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We are currently offering in person, Zoom, and Facetime meetings with clients. Please call 814-346-7286 to schedule a meeting today.

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When is a traffic stop unjustified?

On Behalf of | Sep 30, 2021 | Criminal Defense

No one enjoys being stopped by highway patrol officers who will pull anyone over for a minor infraction only to attempt forcing a vehicular search or sobriety field test. This happens regularly whether Pennsylvania police departments want to admit it or not. What begins as a stop regarding a vehicle issue becomes a full-fledged DUI or drug investigation in short order. The truth is that officers are actually required by protocol to detain drivers for as short of a time span as possible when conducting a traffic stop or roadblock, and roadblocks are actually required to be published beforehand when they are scheduled. However, unjustified stops are still very common.

The plain sight rule

While officers must be able to claim reasonable suspicion as a reason for stopping drivers in traffic, they do have the authority to proceed to find the probable cause if they view anything that can support the request to search the vehicle or any passengers. This can range from actually seeing contraband to sensing suspicious activity by passengers or the driver. The U.S. Supreme Court has continually held this is justified per the “plain sight” rule, and any detaining of a suspect in a search operation is acceptable for as long as the search requires. However, plain sight testimony can be contested in court when no documented evidence is presented by the prosecution.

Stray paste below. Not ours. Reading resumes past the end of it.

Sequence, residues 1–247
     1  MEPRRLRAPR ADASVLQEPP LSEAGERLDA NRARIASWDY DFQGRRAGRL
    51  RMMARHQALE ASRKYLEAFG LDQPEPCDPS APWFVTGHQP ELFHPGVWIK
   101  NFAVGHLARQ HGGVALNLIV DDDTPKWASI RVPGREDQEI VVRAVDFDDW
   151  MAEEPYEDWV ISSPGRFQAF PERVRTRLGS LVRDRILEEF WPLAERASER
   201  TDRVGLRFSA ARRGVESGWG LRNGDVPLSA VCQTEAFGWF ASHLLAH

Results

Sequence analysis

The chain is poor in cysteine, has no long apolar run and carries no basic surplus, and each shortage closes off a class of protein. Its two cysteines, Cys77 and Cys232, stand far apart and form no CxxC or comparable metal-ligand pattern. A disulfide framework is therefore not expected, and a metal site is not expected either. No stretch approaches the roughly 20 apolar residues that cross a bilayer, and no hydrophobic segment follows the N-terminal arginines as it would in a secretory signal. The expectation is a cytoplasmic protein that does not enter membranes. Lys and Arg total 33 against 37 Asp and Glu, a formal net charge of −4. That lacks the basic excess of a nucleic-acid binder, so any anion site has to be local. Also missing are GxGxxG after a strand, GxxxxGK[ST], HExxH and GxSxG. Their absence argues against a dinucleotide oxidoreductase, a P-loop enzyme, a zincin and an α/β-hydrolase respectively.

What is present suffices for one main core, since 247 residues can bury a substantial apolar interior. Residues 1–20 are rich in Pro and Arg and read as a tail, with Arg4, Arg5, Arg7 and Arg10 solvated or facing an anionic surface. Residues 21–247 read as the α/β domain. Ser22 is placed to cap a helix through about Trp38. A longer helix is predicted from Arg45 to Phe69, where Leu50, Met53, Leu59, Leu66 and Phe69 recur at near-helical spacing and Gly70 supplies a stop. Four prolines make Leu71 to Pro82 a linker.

Unreasonable detainment

One of the primary factors that can make continued questioning unjustified as unreasonable is when police have already issued a citation. What they tend to do is run a full background check first as though everyone is a fugitive from justice, which is actually a systemic abuse of power. Police officers will skirt all their restrictions as a matter of training, which often results in unreasonable and illegal searches after detaining a questioned driver. Everyone is a suspect to some officers, and even an officer’s history of unjustified detainment can be used as a factor in a criminal defense strategy.

Never accept the concept that all traffic stops are justified. It is important to plead not guilty first, and let the case be adjudicated through the court system, where a criminal defense can be presented.